Trash Cart Rollout Causes Some Confusion
By Anne Levin
Between a delay in delivery of new trash carts and a flyer with the wrong date for pickup of the old ones, the mid-February debut of Princeton’s new trash collection system did not go as smoothly as planned. Several complaints were lodged on the app NextDoor from residents who claimed they were not aware of the new program, despite information in the town’s newsletter, stories in the local press, on flyers, and on social media.
Princeton Councilwoman Eve Niedergang, who serves on the Infrastructure and Operations Committee and is liaison to the Princeton Environmental Commission, has been busy posting information to explain the program and correct some misperceptions about its purposes.
“I’ve been very active on NextDoor in the past few days, to repeat the facts about the program,” she said Tuesday morning. “It was significant to me that no one came onto the Council meeting last night to complain. So hopefully, the information is getting out there.”
The new system is “part of a larger effort to make more fiscally and environmentally responsible changes to how the town approaches waste management,” reads a press release compiled by Taft Communications, the town’s communications consultant, and issued by the municipality after the rollout.
Each household has received one 64-gallon trash cart, designed to save labor by the use of robotic arms. Carts are equipped with a chip linking them to a specific address. Residents who feel they need an additional cart can order another one for $300 a year; those who want a 32-gallon cart as a second receptacle can get one for $150. Households experiencing economic hardship can submit a request for a reduced fee.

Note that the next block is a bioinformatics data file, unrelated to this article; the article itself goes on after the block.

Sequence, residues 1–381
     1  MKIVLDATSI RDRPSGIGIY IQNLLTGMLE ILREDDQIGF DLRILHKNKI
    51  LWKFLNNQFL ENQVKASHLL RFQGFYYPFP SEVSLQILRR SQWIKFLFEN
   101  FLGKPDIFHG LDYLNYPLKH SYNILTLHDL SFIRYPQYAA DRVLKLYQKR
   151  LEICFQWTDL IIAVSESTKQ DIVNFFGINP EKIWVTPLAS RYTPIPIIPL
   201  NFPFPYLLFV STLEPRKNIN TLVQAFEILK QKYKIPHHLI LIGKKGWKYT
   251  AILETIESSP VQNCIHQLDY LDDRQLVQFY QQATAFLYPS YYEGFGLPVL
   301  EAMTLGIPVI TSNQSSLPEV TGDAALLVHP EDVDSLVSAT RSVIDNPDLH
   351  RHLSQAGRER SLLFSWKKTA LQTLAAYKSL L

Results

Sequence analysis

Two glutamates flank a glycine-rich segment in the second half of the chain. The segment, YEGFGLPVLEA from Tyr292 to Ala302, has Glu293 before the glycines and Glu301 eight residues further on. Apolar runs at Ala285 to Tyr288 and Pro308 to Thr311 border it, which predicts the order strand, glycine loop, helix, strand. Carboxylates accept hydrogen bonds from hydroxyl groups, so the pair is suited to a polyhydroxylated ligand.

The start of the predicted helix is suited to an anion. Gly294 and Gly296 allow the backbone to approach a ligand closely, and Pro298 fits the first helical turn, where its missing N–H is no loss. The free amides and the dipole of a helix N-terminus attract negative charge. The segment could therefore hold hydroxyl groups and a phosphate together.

Responding to concerns about those costs, Niedergang said, “We’re very sensitive to the fact that for some families it would be a challenge, but hopefully we are providing an incentive for people to recycle more, and think about how they purchase items.”
The press release from the municipality
outlines the changes to the system. “More efficient bulk waste collection routes reduce the consumption of fuel and the total hours worked, helping to put less of a strain on both finances and emissions,” it reads, also mentioning “anticipated cost savings from using one driver and a ‘tipper’ instead of two drivers.”
The changes in hauling trash and managing waste “will not only help us contain costs, but also strengthen our response to climate change and create a healthier relationship with the environment,” Niedergang is quoted in the release.
Due to pandemic-related labor and materials shortages, the cost of managing waste has risen dramatically. For Princeton, that increase has been estimated to be 100 percent higher than the existing cost.
“The real thing driving this was cost,” said Niedergang. “We have other costs, too, that have gone up, so we’re trying to be careful stewards of the taxpayers’ money. For most people, one can is going to be fine. For some, it is not, and that’s why we have a financial assistance program.”
The next stage of the rollout is scheduled to begin Monday, March 13, when those who want to dispose of old trash bins or carts can place them, empty, at the curb on collection day. A sign must be taped to the bins, reading “TRASH.”
For more information, contact the municipality’s waste team at firstname.lastname@example.org, or Niedergang at email@example.com.